Tag Archives: night bus

Last Minute Rush to Wait – and Geocache 13, not so unlucky

Today we finished up lots of little odds and ends, but first we paid a visit to Naveen and Ashwini, who wanted Sellappan to come with them to view a property they were thinking of moving to. Once we’d had a look around and a chat about it, Sellappan and I went to the Forum mall. We went for a geocache first – my first attempt in India (GLDJ1M23). There aren’t many in India at all, but there are a couple in Bangalore and this one was close to Sellappan’s place so we were able to go for it in the morning before work. Thanks to the hint, we got to the right spot almost immediately. Unfortunately, there were lots of people around, and while we were surreptitiously searching, someone came up to us to ask for money. Eventually Sellappan persuaded them they were on a hiding to nothing and we zeroed in on the likely spot. I couldn’t see anything obvious at first, but sitting down on the wall for a think we dismissed most places around us until only one remained. Sellappan stuck his hand down the back of the likely spot and bingo! Cache in hand! The log was signed and the cache was replaced quickly.

Signing the log book.
Signing the log book at the bus stand.

We crossed back to the mall for the next few tasks. We went to a bookshop and I got some comics as a gift, and got three books for myself in case I needed something to read on the plane. One of these was a second copy of The White Tiger, a book which I had enjoyed before visiting India – I wondered if it would feel the same having been there. We also managed to find a Chumbak store to get the motorbike shirt we’d seen when we were waiting for Sujay and Kallu at the cinema across town. Time was running out, so with everything stuffed into my backpack, Sellappan dropped me off at the flat with some brunch before going to work.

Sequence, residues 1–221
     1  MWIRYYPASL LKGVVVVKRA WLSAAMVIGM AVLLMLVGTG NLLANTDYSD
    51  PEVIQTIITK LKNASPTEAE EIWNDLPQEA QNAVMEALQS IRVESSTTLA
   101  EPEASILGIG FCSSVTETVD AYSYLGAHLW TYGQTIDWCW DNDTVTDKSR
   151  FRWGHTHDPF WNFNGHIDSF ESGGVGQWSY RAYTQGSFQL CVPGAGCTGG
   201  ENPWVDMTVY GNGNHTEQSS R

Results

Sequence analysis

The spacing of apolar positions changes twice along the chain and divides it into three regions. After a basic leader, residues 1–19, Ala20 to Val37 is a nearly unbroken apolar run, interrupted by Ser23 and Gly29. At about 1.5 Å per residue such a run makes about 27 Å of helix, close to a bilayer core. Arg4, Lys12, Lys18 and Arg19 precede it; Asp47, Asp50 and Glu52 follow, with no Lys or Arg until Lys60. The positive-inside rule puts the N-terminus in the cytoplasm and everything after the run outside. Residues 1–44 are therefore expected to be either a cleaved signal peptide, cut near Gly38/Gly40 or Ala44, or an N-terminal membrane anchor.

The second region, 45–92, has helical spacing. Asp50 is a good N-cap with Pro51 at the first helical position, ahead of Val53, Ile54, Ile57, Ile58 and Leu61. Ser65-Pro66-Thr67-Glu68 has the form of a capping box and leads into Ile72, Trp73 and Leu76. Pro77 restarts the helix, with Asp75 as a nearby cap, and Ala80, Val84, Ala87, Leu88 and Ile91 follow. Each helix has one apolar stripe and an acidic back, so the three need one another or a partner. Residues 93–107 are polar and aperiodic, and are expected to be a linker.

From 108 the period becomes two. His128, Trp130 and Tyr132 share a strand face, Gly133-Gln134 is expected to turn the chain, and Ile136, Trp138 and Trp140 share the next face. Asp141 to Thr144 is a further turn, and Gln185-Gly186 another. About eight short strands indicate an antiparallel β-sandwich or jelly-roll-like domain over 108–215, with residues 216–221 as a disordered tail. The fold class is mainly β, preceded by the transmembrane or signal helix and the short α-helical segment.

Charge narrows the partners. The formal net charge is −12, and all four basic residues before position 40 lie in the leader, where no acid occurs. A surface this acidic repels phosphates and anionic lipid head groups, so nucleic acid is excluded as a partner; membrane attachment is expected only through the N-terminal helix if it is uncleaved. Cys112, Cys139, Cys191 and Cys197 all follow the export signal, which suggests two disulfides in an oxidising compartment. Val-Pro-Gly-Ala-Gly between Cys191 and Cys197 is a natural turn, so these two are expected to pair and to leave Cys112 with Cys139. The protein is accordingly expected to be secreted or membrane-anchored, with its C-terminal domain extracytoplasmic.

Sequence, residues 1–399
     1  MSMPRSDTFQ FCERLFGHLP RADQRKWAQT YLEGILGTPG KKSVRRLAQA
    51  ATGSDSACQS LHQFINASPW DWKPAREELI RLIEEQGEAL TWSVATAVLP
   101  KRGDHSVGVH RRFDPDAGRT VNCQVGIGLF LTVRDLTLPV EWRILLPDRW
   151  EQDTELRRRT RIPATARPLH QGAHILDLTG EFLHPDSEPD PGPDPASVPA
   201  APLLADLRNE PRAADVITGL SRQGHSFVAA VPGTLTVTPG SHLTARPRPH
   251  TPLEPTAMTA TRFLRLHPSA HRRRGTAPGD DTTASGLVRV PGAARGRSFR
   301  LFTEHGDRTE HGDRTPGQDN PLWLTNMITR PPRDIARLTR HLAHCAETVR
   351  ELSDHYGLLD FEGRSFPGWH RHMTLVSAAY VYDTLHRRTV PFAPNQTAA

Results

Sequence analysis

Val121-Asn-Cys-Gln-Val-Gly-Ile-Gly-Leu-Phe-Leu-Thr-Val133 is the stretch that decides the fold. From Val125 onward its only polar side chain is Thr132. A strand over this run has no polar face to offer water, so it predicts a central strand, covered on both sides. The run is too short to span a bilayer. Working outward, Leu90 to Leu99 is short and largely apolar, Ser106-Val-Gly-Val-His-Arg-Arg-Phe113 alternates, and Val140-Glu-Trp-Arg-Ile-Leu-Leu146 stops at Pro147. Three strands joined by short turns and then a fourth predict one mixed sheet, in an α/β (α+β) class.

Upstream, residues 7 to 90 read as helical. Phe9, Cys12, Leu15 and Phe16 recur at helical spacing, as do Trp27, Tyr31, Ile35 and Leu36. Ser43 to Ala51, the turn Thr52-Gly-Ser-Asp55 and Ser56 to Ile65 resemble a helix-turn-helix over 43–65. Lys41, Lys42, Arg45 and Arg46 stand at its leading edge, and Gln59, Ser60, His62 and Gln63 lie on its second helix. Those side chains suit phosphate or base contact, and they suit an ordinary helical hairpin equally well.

After work, we were making full use of the fact that Mohan and Kowshalya were back in town, and so went out for dinner with them to a restaurant specialising in food from Andhra Pradesh. We had to wait a little while before getting into the restaurant and getting seated which normally isn’t a problem, but we had a bus to catch! Sellappan, Mohan and I enjoyed some non-veg dishes while Kowshalya stuck to the veggie options. We left it at that and paid the bill before rushing back to the flat, picking up our bags and heading for the night bus to Salem via rickshaw.

We made it with some time to spare, and then Mohan and Kowshalya appeared on their bike to keep us company. It was really nice of them to do so, especially as we ended up waiting ages for the bus which was late! Eventually we got on and Mohan and Kowshalya disappeared off into the night.

We hadn’t managed to get our usual seats of 17 and 18, and ended up sitting in the back row of the bus, which felt very strange after always sitting in the middle. Clearly this didn’t bother me as much as I thought, as the next thing I knew I was waking up on the outskirts of Salem, with Sellappan laughing at me because I’d actually managed to nod off before he did. My bus sleeping level: Advanced.

We got off at Salem bus station and got to Sellappan’s house by taxi, and had a nice morning’s sleep on beds that didn’t move.


Sizzling Cinema

We had a lazy morning and got up ready for breakfast, Alka had cooked a delicious stew which we really enjoyed, and then we spent some time just chatting (mainly about Christmas for some reason) and then discovered there was a Hindi movie playing that we thought we’d all enjoy. The movie is called Queen (trailer), and the premise is that a jilted bride goes on her European dream honeymoon alone. As Sellappan, Alka and I met in France and Manu has travelled to Europe too, we were all looking forward to seeing someone else’s first time experience and how it would be portrayed in the film.